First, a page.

Many warm thanks to all the Kerrian followers. Readership was up by over 50% in 2019. That’s not a typo. You spread the word and people kept on reading and sharing.
The Kerrians’ 2019 was a year of returning to fan favorite topics that focused on how law enforcement officers work, with the result that four of those articles were in the TopTen new articles for the year.
Interest continues in the new recipes from the Kerrian Kitchen and we’re delighted that you enjoy them as well! Like I keep saying, we taste-test everything and nobody ever died after eating at our house. 😉
Sadly, suicide is on the rise in the USA again and the interest in the article seen here is welcome. It is based on the death of a real family friend. Pass along the information to others, please.
Here are your Top Ten favorites from 2019:
(Click on the links and enjoy them again or read them for the very first time.)
10: “Greek Salad”
3: “SWAT Team Experience”
2: “Cucumber Slushies”
Keep a lookout for changes at the Kerrian website. Many will be behind the scenes as we make www.kerriansnotebook.com more cellphone friendly.
The changes will occur over the next few months and I’ll let you know through the newsletters and on Facebook as soon as they happen.
Happy New Year, everyone, and keep those cards, emails, letters, and messages from around the world coming. We read and enjoy them all! 🙂
I got the call from a family member of mine. The TV was on in the background and I was sure what I heard had been mangled in the signal through cyberspace. But, he repeated the news and I had heard him correctly.
A dear family friend of 30 years had committed suicide.
I nearly dropped the phone. I sobbed out the questions, but details were sparse. My family member had been out of touch with our friend for several weeks after a move to the opposite side of the country. Tragic specifics were slowly revealed over the next few weeks – from discovery of the body, to the last call that was made before the suicide.
Out of respect to the family, and other friends devastated by this loss, those specifics will not be revealed here.
Why did it happen? So many wonderful events had occurred during the 18 months beforehand. A bump or two, but our friend was resilient and had been rigorously challenged before and done well. When mention was made of a job loss, negative reactions from the circle of friends and family were non-existent because that was the nature of employment in that industry – five years at any position and then move on to the next within a month or two. Plans moved ahead to increase their real estate holdings, so lack of money was never an issue.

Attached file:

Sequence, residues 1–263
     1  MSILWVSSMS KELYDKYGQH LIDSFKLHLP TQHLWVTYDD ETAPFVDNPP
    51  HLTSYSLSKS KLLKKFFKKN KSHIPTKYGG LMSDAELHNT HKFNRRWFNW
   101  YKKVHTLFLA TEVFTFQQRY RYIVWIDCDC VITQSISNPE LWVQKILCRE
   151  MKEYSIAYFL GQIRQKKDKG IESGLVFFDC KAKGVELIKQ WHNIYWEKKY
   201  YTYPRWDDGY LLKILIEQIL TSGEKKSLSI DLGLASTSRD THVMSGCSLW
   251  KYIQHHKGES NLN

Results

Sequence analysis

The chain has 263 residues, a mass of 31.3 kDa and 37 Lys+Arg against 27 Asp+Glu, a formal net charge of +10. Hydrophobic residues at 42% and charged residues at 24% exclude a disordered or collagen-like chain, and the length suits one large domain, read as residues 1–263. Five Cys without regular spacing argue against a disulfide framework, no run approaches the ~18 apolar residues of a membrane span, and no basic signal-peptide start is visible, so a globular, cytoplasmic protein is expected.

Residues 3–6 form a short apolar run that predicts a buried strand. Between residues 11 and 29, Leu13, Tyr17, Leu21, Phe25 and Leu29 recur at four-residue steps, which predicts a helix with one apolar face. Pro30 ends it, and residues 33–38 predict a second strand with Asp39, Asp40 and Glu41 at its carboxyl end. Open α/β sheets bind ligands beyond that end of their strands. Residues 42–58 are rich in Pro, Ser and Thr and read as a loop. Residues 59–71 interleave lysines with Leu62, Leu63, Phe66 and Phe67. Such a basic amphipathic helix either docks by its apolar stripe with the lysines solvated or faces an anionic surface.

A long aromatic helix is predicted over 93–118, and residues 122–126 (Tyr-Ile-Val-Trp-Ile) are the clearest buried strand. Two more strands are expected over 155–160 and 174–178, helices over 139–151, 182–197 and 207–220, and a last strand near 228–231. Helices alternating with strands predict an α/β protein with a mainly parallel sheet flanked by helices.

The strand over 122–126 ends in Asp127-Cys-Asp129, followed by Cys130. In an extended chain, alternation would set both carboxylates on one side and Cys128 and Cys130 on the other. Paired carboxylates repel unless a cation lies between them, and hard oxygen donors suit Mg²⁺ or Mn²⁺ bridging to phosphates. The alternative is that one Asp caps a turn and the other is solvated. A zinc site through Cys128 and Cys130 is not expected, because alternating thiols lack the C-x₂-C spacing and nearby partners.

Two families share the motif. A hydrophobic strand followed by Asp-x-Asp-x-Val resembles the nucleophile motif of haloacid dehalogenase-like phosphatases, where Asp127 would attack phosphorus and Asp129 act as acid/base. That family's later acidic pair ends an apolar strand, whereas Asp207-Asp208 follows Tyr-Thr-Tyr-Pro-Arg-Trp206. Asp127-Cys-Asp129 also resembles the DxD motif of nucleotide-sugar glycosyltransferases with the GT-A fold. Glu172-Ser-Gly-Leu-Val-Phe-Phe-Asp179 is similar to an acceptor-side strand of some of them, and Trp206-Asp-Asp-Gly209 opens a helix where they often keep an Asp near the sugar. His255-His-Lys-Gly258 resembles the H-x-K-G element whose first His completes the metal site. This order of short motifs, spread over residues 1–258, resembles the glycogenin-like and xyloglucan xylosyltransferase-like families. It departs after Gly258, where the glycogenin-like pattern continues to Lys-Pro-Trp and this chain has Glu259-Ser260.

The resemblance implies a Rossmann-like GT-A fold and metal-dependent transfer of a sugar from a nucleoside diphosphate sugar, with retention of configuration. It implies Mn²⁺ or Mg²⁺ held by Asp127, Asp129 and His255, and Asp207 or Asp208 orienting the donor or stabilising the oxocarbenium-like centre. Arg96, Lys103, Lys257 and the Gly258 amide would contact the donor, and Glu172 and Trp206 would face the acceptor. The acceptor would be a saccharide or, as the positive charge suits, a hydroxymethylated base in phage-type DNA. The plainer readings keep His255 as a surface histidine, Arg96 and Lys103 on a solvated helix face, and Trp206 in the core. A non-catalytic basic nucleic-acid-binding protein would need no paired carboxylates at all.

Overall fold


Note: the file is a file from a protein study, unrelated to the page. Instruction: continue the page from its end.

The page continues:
Nevertheless, depression hit and a downward spiral began. Psychological counseling, residential therapy, words of support and comfort, strategy sessions, midnight phone calls, tough love, and more, all played a part in the story of a life unwinding. Our friend would feel encouraged for a few hours and then be overtaken by those inner demons again.
In hindsight, we suspect that the move to the other coast was an act of isolation. The support system was here, not out there. Was our friend religious? No.
In the months since this tragedy, we have searched our memories of what led up to that day, how our lives intersected with our friend’s. There are hundreds of articles, studies, even novels that focus on the act and causes of suicide and not only the loss of the loved one, but the rippling effects on those left behind. Enough time has passed that we can remember the truly positive, self-less persona that left us all too soon.
There are no easy answers, no sure-fire cure for the prevention of suicides, but there are warning signs often revealed to the inner circle. Sadly, most of us are unaware of those signs, or discount them as not being indicators of anything serious.
From the American Foundation for Suicide Prevention (AFSP):
“There’s no single cause for suicide. Suicide most often occurs when stressors and health issues converge to create an experience of hopelessness and despair.”
The majority of people can manage the challenges of life and move through those challenges, but there are signs that loved ones might look back on and recognize, even if not appearing to be serious beforehand. AFSP states: “Most people who take their lives exhibit one or more warning signs, either through what they say or what they do.”
The common warning signs involve Talk, Behavior, and Mood:
A person may talk about:
A person may have behaviors that may signal risk, perhaps related to a painful loss or change.
People who are considering suicide often display one or more of the following moods:
According to the AFSP, research has found that risk factors can add to the possibility of suicide thoughts or actions. Risk factors can include:
The rate of suicide is highest in middle-age white men.
· In 2017, men died by suicide 3.54x more often than women.
· On average in 2017, there were 129 suicides per day.
· White males accounted for 69.67% of suicide deaths in 2017.
In 2017, 47,173 Americans died by suicide
Suicide, while now legal in the U.S., has a stigma attached to it. Some religions do not allow burial on church grounds and most insurance companies will not honor suicide claims on insurance policies involving the deceased. That most likely has led to under reporting of suicides.
Two groups that were a source of help and information in writing this article:
American Foundation for Suicide Prevention –
A Kerrian follower suggested this valuable link for information about teen suicides:
If you’re thinking about suicide, are worried about a friend or loved one, or would like emotional support, the Lifeline network is available 24/7 across the United States.
May your heart be at peace, today and always.